How Bob Dylan & The Band kickstarted Americana

It’s ironic, really.
 
A motorcycle, one of the cultural symbols of Americana, helped kickstart the music of the movement we all love when Bob Dylan came off his Triumph Tiger 100 on the back streets of Woodstock in 1966.
The familiar tale tells of Dylan – exhausted following twelve months that included the releases of ‘Bringing It All Back Home’ ‘Highway 61 Revisited and ‘Blonde On Blonde’ – coming off his bike, recovering from injuries at home and starting to record music with his friends and neighbours in their basement up the road. Those friends? They were The Band.
 

 
 
Except they weren’t… not yet, anyway. Guitarist Robbie Robertson, drummer and singer Levon Helm, bass player and singer Rick Danko, organist Garth Hudson and piano player and singer Richard Manuel had been on the road playing music for over a decade. First, they lived and breathed what we now call Americana, touring the taverns of the ‘chitlin circuit’ with rockabilly pioneer Ronnie Hawkins, before leaving ‘The Hawk’ to help Dylan go electric on his catalytic world tours of 1965 and 1966. The controversial noise made before, during and after those tours left Dylan and his musicians reeling and they retreated to Woodstock and its surrounding areas, well known for welcoming artists wishing to get it together in the country for over a century.
 

 
 
Once Dylan was recovered from his accident, he got itchy fingers and decided to invite his friends over to play music in ‘The Red Room’ of his house in Byrdcliff. It was in this room, arguably, that the alt-country movement that eventually mutated into the ‘Best Americana’ category at the Grammys was born.
 
Music, clothes, lifestyle… attitudes; you name it, the music and lyrics to the devout spirituals, broadside ballads, country & western laments and bawdy blues that Dylan and (what would become) The Band ‘recorded’ in the living room would change everything that followed in music.
 

 
 
“The way we played in Bob’s room and our basement at Big Pink developed a whole new persona,” said de-facto band leader Robertson. “The music had subtleties and a kind of timeless spirit.”
 
What does that statement put you in mind of? Brand Americana arrived and these great musicians were bottling it. Popular music around this time was full of incense, white rabbits and ruffled orchestras; Motown had gone psychedelic and even country music had embraced the Moog synthesizer. The days of rural radio stations and garage rock had gone and state-of-the-art studios were in… but Dylan and The Band were about to bring it all back home. Of course, years later, the likes of Led Zeppelin would disappear into the Welsh hills to record in a Bron-Yr-Aur cottage, the Stones would rent and kit out a villa in France to make an album and ‘lo-fi’ would become another word for cool… but, before all that, Dylan and The Band were pioneers.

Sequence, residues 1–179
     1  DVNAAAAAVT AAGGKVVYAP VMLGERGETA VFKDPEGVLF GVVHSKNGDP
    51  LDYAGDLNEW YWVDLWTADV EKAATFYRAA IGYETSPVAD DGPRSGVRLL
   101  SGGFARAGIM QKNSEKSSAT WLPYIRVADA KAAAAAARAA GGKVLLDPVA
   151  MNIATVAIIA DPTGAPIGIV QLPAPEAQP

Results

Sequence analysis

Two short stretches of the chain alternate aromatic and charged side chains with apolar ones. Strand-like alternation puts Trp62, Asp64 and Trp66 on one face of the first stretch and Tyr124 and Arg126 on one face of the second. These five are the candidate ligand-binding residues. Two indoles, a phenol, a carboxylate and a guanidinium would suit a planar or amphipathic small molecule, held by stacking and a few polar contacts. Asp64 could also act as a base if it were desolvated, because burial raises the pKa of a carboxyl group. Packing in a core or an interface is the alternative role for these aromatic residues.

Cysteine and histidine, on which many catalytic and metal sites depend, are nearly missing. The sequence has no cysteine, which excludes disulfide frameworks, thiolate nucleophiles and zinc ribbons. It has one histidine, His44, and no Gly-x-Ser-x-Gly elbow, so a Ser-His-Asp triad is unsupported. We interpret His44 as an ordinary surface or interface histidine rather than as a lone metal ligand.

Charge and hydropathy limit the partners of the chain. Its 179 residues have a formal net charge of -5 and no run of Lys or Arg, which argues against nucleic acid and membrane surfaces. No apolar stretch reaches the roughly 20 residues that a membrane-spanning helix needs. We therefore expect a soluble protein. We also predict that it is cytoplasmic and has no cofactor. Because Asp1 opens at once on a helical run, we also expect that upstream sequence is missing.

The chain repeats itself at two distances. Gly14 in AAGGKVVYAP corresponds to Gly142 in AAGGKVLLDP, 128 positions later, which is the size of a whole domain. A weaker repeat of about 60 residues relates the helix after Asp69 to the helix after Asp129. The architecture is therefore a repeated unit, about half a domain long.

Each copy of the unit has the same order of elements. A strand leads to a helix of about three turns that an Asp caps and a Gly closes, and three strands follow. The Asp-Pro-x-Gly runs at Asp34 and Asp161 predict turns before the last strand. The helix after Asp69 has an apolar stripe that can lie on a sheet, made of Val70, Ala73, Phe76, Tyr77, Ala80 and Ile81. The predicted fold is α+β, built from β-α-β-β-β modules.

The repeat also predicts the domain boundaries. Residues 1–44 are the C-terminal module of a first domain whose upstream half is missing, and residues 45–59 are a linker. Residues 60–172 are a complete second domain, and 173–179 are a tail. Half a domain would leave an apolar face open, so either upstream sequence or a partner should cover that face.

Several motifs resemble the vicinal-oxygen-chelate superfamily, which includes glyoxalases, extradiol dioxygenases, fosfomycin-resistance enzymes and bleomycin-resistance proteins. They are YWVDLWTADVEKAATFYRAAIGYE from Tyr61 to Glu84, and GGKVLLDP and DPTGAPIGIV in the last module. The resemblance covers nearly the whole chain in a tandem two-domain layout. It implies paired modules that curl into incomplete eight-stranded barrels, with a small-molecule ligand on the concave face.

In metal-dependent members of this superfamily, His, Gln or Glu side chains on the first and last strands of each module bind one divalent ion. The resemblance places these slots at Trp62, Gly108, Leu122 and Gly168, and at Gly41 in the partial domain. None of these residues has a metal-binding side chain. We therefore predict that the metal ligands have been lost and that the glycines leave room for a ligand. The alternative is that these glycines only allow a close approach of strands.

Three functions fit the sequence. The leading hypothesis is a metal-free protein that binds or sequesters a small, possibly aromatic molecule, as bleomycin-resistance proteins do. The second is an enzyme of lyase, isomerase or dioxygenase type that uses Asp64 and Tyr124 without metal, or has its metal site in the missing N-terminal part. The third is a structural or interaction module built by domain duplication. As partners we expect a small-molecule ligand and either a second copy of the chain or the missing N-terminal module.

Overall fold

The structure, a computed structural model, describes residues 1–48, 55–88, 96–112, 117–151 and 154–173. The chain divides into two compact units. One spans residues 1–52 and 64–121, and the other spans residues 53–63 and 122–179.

“’The Basement Tapes’ album refers to the basement we recorded in at Big Pink,” said Robertson. “But it also refers to a process, a homemade process.” DIY, in other words. Roots, in another. The big bang for Americana music? It’s hard to argue with such thinking, especially as before these seminal recordings, songs by artists such as Hank Williams, Johnny Cash, Patsy Cline, Bobby Charles, The Carter Family, Pete Seeger and Fats Domino would have been categorised as country, blues, jazz, folk or just plain and divisive ‘race music’. Once Dylan and The Band recorded and released these long-lost laments, though, the passion and belief flowing through the music – something you couldn’t touch, but you could hear – meant people couldn’t ignore or box such stylings.
 

 
 
Since then, artists we hold close to our hearts here at Black Deer – Kris Kristofferson, Wilco, Robert Plant, Iron & Wine, Courtney Marie Andrews, The Secret Sisters, Yola, Fantastic Negrito, Wade Bowen, Jerron Blind Boy Paxton and many more – have found themselves a home where previously there might not have been one. Bob Dylan and The Band were just playing music in a house, but it might as well have been a church.
 
A broad one called Americana.